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A Tenth Province ?


[For the source of this document, see the end of the text.]

Decision of the Newfoundland National Convention to send a delegation to Ottawa to ascertain what "fair and equitable" basis may exist for union with this Dominion is not to be taken as meaning that the ancient British colony has at last decided to seek admission to the Canadian Confederation. The mission, which will be nothing more than exploratory in nature, was only authorized after considerable debate and by less than a unanimous vote. Also to be considered is the fact that a similar delegation is being sent to London , and it is possible that a third will visit Washington .


No doubt exists as to the reception the delegation will be accorded by the Canadian Government. Speaking in the House of Commons last session Mr. St. Laurent said that if the Newfoundlanders sent delegates or representatives to Ottawa they will be welcome "as cordially as we can welcome them". The Minister gave the further assurance that if the people of Newfoundland come to the conclusion that they will be happy to throw in their lot with Canada "their representation will be given most earnest and sympathetic consideration".


The Minister could hardly say more than that, particularly since this country has been careful to avoid giving the appearance of attempting to advise the people of Newfoundland at a time when they are deciding their political future. This is not to say, however, that Canadians are not interested in the possibility of the colony joining the Dominion. Since the first years of Confederation it has been a subject of lively discussion and at times actual negotiation. In 1915 an amendment to the British America Act provided for six additional members of the Senate should the colony decide to take the step.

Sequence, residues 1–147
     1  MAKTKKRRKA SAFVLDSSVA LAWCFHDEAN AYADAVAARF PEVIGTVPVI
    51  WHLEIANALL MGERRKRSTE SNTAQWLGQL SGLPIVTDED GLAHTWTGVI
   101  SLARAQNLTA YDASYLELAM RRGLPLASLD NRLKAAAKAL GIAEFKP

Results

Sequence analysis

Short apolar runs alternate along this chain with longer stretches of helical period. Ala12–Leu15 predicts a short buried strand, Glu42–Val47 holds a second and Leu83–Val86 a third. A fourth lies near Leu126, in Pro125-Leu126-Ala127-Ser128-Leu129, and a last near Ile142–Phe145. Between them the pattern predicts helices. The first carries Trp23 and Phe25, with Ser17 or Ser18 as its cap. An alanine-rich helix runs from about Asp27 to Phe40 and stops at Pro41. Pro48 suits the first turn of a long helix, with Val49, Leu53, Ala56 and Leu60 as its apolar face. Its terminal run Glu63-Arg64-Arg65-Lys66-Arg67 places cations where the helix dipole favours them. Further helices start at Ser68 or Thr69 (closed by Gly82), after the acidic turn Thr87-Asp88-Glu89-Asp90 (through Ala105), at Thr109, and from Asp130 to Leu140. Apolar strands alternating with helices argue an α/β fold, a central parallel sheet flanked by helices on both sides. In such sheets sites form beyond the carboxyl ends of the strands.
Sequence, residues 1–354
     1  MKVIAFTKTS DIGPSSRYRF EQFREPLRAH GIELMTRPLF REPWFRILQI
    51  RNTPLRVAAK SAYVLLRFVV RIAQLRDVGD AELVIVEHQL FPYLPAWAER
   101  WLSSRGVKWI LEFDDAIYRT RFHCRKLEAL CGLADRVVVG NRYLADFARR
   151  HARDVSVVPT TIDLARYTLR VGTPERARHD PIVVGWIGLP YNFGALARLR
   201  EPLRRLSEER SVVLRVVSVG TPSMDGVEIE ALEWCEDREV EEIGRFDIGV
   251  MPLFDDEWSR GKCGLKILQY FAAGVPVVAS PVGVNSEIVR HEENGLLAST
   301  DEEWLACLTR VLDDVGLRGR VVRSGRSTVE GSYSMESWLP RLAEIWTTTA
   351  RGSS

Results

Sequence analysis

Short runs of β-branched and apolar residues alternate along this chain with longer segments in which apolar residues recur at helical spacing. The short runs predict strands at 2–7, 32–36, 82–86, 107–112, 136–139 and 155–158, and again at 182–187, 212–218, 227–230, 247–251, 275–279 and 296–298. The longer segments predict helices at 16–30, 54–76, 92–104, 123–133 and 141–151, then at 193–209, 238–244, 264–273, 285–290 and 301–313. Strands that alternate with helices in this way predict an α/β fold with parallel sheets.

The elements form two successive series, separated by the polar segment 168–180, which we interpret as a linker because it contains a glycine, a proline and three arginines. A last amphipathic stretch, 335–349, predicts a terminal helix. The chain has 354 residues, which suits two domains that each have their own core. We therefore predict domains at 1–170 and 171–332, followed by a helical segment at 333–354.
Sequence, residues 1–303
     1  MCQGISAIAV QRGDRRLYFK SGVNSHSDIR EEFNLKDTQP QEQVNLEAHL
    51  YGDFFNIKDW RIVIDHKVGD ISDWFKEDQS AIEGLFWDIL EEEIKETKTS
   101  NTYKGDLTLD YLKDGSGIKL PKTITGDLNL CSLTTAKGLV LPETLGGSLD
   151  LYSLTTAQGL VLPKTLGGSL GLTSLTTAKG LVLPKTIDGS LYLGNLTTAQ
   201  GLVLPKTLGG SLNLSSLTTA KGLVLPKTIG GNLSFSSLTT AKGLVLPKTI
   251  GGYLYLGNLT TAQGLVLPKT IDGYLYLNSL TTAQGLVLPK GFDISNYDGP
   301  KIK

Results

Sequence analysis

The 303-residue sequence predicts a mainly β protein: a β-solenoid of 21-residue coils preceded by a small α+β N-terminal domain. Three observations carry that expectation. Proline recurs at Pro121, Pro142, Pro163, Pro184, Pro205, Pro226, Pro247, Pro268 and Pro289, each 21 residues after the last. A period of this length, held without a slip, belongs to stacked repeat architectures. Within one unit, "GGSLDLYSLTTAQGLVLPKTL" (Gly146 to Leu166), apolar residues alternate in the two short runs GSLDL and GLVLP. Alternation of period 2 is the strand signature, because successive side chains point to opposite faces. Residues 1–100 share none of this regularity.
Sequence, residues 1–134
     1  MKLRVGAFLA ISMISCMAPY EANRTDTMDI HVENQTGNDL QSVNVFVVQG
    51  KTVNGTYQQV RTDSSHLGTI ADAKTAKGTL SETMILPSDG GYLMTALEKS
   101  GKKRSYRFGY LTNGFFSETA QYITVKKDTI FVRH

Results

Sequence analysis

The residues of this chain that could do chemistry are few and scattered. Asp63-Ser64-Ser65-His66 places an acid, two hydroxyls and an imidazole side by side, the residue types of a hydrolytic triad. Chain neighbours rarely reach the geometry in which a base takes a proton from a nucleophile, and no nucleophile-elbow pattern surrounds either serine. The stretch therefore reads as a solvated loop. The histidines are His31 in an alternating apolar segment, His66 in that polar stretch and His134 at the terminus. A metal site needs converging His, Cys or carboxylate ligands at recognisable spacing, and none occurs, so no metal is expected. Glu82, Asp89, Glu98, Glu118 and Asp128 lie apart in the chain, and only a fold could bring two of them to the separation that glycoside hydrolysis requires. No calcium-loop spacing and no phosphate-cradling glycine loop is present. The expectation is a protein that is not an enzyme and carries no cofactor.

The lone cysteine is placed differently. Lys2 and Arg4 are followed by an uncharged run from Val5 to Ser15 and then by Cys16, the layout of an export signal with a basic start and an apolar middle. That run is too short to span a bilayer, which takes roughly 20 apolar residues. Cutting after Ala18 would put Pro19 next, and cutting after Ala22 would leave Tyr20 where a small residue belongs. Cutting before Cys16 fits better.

Because of insolvency, Newfoundland gave up its Dominion status in 1934 and its Government was taken over by a British commission. The colony made little progress, however, until the outbreak of war which brought the Newfoundlanders a measure of prosperity never before experienced. It seems unlikely, however, that this prosperity can be maintained because of the Island 's limited and undeveloped resources.


Should Newfoundland become part of Canada it obviously and for some time at least would be among the "have-not" Provinces. It probably would mean new obligations for the Dominion. It is inconceivable, however, that if invited this country would for a moment hesitate to accept these responsibilities. Newfoundland is one of the Empire's problems and if Canada is to continue to share in that partnership she cannot be unmindful od Newfoundland 's welfare.


Newfoundland would bring to Confederation assets as well as liabilities. This country built up a considerable defense establishment there during the war. It has a 99-year lease on the $20,000,000 Goose Bay air base in Labrador and commercial control of St John's Torbay Airport. This country has the right by agreement to establish and operate additional defense facilities in Newfoundland. Newfoundlanders import most of their goods from Canada . Under such happy circumstances this country should be only too glad to welcome Newfoundland as the tenth Province in the Confederation and not be too harsh about the terms.


Source : "A Tenth Province ?", editorial in The Globe and Mail, March 7, 1947, p. 6.

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© 2004 Claude Bélanger, Marianopolis College